The dolls I use are called “Campus Cuties.” They’re made of molded plastic and are hyper-sexualized—like they’re super thin, booby, and leggy in a way I rail against as a female archetype through the male gaze. I wanted to infuse these dolls with as much power as I could because they were helping me find my own agency and my voice. When I play and create art, I have an immense sense of freedom. I’m present. That’s the kind of freedom I struggle to bring to the page.
I like the idea of surrender in the book as opposed to “giving up” a child or “putting up” a child for adoption. Was that a moment of recognition for you?
I thought a lot about the word “surrender.” Those phrases set up a savior complex narrative, like “these children were given up, and we must save them by adopting them.” Research shows that most women didn’t abandon their children. Many times babies were actually taken from their mothers. Or mothers didn’t know they were signing away parental rights on the forms put in front of them. Sometimes it was their mothers who betrayed them by signing. They had no agency. It was a tragic system. The shame spilled out everywhere.
So you had to learn to mother yourself—which is the title of one of the last chapters.
Yes, I only understood that idea thanks to my therapist. Re-parenting myself is daily hard work. I realize I have a hard time asking for help, or asking for what I need. Deep down I know it goes back to being in that foster home and probably crying and not being comforted. I remember Mom saying she didn’t think I was held much in “the home” because I have a flat spot on the back of my head. I likely just lay there.
When I met my birth mother, I’d had all these expectations of what our relationship would be like. I thought, “oh, this will surely close the circle.” I know now that’s the paradox of adoption. It takes hard work to come into someone’s life as an adult daughter. She hadn’t had any other children. She didn’t really know how to be a mother. Yet after the devastation of losing my mom so young, I really, really wanted my mother.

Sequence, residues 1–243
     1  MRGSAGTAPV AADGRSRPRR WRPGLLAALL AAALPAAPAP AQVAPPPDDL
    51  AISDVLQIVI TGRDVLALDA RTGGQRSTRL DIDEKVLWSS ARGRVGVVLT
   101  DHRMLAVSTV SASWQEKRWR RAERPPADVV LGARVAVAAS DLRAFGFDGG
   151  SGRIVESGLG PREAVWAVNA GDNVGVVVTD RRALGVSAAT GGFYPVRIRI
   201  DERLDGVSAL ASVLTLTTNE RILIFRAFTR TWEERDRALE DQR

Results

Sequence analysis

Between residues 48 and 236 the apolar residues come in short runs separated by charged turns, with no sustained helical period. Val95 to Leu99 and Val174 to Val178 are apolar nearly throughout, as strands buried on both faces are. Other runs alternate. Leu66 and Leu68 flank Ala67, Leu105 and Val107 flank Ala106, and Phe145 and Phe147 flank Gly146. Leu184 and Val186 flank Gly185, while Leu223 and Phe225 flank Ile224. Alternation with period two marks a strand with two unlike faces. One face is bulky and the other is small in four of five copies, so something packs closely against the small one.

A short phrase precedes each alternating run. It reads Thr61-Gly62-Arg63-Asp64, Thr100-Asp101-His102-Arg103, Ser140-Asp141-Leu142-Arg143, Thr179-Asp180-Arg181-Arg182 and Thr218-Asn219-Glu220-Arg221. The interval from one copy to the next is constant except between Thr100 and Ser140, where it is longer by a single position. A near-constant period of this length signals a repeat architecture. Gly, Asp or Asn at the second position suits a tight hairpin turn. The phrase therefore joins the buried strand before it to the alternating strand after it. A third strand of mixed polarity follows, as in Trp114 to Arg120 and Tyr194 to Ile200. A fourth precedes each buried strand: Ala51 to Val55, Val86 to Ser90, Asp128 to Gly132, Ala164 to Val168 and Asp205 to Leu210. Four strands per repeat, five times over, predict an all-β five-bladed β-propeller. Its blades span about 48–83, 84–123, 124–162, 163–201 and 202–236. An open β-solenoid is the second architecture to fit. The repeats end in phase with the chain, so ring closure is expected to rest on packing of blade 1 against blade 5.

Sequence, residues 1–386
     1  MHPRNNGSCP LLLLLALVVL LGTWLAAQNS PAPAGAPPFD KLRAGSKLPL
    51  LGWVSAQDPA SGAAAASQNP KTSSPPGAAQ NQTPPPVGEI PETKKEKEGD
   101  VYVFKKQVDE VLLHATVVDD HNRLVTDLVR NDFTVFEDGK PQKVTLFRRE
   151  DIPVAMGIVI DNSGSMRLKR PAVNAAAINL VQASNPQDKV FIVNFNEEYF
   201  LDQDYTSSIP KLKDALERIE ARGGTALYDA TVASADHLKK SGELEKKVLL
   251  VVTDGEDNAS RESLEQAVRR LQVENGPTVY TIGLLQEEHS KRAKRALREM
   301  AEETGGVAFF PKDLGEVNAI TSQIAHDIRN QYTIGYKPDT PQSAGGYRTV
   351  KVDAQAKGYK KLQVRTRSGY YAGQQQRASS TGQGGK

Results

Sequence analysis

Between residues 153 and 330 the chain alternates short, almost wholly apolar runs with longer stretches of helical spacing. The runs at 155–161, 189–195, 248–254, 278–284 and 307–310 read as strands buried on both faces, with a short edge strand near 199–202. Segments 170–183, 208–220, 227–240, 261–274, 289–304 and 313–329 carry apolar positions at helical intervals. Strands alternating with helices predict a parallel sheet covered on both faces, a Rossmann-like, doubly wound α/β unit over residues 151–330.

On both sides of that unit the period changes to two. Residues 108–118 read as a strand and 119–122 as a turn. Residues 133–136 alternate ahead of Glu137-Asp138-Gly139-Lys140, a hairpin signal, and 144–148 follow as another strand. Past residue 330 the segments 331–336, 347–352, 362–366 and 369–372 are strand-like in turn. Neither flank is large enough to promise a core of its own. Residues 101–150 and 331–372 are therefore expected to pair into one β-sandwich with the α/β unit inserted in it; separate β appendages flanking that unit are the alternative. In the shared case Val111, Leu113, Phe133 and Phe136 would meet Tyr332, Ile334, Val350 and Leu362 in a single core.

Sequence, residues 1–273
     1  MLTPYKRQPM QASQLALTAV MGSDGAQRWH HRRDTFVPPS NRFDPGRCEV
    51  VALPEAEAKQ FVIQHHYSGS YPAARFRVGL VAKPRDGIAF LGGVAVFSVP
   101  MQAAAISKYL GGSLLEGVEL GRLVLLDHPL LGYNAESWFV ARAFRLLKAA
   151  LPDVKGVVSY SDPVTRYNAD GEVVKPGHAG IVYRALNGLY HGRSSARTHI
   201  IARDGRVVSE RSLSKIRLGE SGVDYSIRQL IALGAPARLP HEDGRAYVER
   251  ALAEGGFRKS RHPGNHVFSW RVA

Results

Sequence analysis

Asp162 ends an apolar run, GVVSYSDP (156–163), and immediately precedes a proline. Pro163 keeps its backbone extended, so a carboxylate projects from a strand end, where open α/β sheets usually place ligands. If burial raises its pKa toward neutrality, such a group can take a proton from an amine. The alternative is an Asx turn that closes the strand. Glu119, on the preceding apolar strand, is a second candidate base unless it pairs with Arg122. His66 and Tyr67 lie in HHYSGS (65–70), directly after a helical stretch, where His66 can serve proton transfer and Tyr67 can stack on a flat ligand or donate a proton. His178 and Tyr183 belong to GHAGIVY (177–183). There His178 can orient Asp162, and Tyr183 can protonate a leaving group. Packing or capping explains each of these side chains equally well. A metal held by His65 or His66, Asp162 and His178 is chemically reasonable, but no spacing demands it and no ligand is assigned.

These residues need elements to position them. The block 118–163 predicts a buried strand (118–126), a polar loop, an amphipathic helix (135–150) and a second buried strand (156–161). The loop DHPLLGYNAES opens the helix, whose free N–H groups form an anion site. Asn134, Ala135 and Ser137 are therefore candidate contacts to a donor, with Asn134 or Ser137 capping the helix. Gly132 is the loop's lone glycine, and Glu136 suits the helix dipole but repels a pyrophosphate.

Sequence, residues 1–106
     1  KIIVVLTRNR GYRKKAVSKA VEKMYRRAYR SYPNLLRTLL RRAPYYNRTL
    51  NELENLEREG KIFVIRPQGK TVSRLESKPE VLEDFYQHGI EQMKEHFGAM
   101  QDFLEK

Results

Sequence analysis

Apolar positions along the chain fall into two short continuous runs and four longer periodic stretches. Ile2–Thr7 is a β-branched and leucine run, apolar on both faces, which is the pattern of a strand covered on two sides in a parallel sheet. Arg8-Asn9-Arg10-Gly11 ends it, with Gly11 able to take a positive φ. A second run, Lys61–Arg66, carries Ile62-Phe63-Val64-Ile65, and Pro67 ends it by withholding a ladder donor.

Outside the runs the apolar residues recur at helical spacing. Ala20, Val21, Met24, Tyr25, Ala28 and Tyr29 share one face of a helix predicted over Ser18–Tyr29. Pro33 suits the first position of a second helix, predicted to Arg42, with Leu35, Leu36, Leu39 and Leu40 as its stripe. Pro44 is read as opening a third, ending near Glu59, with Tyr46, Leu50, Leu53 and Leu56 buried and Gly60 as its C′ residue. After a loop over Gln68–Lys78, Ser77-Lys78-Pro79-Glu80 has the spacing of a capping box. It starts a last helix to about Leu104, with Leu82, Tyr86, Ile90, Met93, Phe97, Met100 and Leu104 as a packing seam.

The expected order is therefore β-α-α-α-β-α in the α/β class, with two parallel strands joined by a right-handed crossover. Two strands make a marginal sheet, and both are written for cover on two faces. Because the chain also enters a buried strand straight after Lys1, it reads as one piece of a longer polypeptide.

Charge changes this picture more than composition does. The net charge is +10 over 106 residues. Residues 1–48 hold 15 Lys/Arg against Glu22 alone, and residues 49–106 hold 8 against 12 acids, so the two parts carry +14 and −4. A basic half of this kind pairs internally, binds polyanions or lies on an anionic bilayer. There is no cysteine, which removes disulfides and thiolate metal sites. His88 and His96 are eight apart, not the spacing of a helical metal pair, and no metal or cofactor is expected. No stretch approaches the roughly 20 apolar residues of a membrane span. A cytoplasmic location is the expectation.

That’s such a heart-wrenching part of the book.
It was hard to write. I have to continually find ways to comfort myself and it’s hard work. Like, I don’t need a fairy tale prince to rescue me, but I wish every damn day that my mom was still alive to hug me and tell me it’s going to be OK.
It’s like the epigenetics you talk about—memories inherited from your family that you may not even know.
I think a lot about the epigenetics of shame. Being born of a shameful act in the 1960s and my birth mother internalizes the shame of being unwed and pregnant. Not only was I born of a shameful act, I was the embodiment of that shame. That is an enormous grief I carry in my body, but it’s not mine to carry anymore. It’s hard to put something down when you’re so used to carrying it.
Was writing the book a way to answer some questions and do some self-investigating?